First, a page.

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Ahead of midterms,
Adjunct Professors and Fast Food Workers Rally for Investment in Higher Education and Union Rights for All Floridians
Members of SEIU Faculty Forward and Fight for $15 call on candidates running for office to demonstrate how they’ll raise the minimum wage to $15 an hour, invest in free college and make it easier for people to join unions
FLORIDA – Following protests by airport workers on Tuesday, adjunct faculty from across Florida joined with striking fast food workers to call for greater investment in Florida’s colleges and to make it easier for working people to join together in unions. The rally, held at Miami Dade College and McDonalds, came just one month before midterm elections and just days before union members launch a 1,000 person Miami canvas for progressive candidates.
“As an adjunct professor, I see the impact of Tallahassee’s bad decisions firsthand. Budget cuts for our colleges mean fewer Floridians have a path to the middle class and more professors are trapped in poverty jobs,” said Ralph Schusler, an adjunct professor in the English department at Miami Dade College. “That’s why we’re forming unions on campuses across the state and using our collective power to support candidates who will support us.”
Adjuncts at Miami Dade College filed for their union back in July, but the school has refused to allow them to vote for their union. Rally participants say that low-road employers like Miami Dade College, the state’s largest college, and McDonalds are trapping their employees in poverty. They argue that elected leaders must demonstrate how they will support efforts to reverse this trend by supporting workers’ right to unionize.
“Unions are the backbone of our economy, ensuring that workers have safe working conditions and fair wages,” said State Rep. Shevrin Jones, democratic representative of Florida’s 101st District and Democratic Ranking Member for the Education Committee. Earlier this year, Rep. Jones introduced the Sunshine Scholarship Program that proposed free college for Floridians.
“As a person of faith, I see firsthand the impact exploitation or underpayment has on the community,” said Rev Andy Oliver, with Allendale United Methodist Church in St. Petersburg, Fl. “Every worker should be treated with respect, dignity, and fairness. Fight for $15 gives workers a way to advocate for themselves while creating a better way of living their families.”
Joined by students at Miami Dade College and community partners, adjuncts and fast food workers launched their coordinated effort to mobilize a voting bloc in support of their demands for fully-funded free college, student debt forgiveness and $15 an hour wage and union rights for all Floridians.
“To me this strike isn’t just about more money,” said Jennifer Johnson who has worked at a Burger King restaurant in Orlando, Fl., for five years. “It’s about being able to support my kids. It’s about having the protection of a union so I don’t have to worry about access to affordable health insurance.”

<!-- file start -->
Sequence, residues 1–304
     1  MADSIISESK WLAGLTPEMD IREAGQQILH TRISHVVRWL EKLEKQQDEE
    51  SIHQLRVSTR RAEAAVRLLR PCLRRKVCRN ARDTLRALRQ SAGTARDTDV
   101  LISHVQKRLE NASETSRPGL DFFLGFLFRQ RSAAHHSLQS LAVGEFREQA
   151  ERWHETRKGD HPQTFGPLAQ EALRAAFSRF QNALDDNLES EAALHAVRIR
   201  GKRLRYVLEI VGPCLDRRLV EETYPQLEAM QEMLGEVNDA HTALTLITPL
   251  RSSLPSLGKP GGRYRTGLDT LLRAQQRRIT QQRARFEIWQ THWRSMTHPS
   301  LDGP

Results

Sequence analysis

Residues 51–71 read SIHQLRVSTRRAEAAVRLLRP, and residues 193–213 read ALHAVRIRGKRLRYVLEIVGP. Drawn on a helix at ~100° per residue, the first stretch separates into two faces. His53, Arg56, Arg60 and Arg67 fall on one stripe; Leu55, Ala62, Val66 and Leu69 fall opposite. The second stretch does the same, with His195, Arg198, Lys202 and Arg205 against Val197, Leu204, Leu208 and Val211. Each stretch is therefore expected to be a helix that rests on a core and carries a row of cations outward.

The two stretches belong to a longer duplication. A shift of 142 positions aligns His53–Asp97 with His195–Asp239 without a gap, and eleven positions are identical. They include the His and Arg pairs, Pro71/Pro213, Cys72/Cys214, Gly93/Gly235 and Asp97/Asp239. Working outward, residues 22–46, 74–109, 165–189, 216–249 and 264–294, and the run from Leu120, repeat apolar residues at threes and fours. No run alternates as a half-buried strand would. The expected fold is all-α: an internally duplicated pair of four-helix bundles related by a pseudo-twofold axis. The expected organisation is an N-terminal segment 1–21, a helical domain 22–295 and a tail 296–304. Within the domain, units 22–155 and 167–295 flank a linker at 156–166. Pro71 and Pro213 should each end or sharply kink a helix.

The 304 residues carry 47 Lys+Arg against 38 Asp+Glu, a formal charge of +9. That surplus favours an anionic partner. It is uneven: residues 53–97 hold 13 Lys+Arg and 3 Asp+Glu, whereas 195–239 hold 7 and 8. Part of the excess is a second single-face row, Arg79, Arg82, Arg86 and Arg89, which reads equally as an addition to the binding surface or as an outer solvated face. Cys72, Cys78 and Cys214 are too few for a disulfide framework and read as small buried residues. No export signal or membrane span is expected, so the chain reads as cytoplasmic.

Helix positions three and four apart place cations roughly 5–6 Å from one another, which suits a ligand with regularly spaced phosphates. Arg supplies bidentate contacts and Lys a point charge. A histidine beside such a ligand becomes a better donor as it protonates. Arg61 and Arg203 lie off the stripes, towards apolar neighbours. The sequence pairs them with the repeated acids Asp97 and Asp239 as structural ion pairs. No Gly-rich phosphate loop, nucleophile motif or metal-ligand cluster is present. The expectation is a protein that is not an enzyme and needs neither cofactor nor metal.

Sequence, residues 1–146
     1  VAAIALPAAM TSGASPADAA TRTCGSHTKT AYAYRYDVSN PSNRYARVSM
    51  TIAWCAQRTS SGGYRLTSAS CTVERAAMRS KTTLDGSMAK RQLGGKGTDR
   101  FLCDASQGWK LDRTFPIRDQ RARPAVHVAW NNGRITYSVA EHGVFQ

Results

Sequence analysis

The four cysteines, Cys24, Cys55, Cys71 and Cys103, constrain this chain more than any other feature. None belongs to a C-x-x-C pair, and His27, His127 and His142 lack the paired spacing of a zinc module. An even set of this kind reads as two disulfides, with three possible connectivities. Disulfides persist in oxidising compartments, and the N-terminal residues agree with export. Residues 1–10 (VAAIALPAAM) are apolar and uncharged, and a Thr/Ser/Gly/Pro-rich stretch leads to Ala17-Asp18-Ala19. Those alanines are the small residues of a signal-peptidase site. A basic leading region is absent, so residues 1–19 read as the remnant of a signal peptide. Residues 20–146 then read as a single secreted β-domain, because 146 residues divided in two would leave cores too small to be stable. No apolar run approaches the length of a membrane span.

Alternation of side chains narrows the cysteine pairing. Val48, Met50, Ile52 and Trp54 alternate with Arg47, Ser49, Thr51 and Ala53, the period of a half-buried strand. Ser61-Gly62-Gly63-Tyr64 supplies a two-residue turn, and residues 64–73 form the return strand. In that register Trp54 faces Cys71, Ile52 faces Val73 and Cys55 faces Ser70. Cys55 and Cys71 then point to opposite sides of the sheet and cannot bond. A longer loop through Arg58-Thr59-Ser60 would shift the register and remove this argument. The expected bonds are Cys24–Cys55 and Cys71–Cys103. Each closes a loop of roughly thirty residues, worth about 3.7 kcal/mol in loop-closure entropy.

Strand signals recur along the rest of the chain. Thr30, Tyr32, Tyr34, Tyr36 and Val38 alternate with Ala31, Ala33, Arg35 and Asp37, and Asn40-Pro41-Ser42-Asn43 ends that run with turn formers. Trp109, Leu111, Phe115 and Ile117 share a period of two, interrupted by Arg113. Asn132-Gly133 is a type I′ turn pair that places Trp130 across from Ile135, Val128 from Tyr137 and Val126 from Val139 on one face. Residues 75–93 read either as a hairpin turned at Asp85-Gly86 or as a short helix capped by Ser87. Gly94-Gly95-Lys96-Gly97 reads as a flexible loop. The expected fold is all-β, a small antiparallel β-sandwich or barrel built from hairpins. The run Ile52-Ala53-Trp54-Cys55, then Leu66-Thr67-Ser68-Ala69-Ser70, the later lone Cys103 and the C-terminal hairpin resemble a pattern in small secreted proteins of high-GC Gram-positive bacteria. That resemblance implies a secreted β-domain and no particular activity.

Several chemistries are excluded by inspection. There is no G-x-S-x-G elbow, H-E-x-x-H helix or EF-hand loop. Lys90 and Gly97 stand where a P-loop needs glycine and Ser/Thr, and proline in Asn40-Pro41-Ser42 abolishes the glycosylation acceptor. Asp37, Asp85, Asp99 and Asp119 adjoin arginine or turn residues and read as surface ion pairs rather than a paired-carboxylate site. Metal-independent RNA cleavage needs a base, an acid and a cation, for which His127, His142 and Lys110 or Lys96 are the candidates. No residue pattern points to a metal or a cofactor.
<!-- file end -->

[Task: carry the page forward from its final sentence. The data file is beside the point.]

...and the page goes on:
Florida invests the least out of all 50 states in public services, and higher education has borne the brunt of disinvestment. Over the last decade, Florida elected officials have defunded higher education to the tune of 23 percent per student, while tuition has increased by 62 percent in that same timeframe. This has left more Floridians trapped in low-wage jobs with little opportunity to improve their lives.
In Florida, more than 3 million people live in poverty and 1 in 5 workers find themselves working in low-wage jobs. Workers are paid less than $15/hour, and their power to join together and negotiate for higher wages, affordable healthcare, and other improvements is under attack. At the same time, years of austerity in Tallahassee have resulted in a broken higher education system that leaves too many in debt and poverty in Florida, adjunct professors say. Florida invests the least out of all 50 states in public services, and higher education has borne the brunt of disinvestment. Over the last decade, Florida elected officials have defunded higher education to the tune of 23 percent per student, while tuition has increased by 62 percent in that same timeframe. Today, Floridians hold nearly $80 billion in student loan debt and adjunct professors are paid so little that many have to rely on government assistance. This has left more Floridians trapped in low-wage jobs with little opportunity to improve their lives.
Adjuncts, who are part of the growing SEIU Faculty Forward movement, have called on political candidates at the gubernatorial debate and town hall meetings in Tampa, St. Petersburg and Miami to commit to reinvesting in students and educators alike by supporting free college and the right to form unions for all Floridians. Democratic gubernatorial candidate Andrew Gillum recently endorsed unionizing efforts by adjuncts and joined adjunct faculty from across the state this summer to deliver food to Miami Dade College’s food bank, which serves students and faculty in need.
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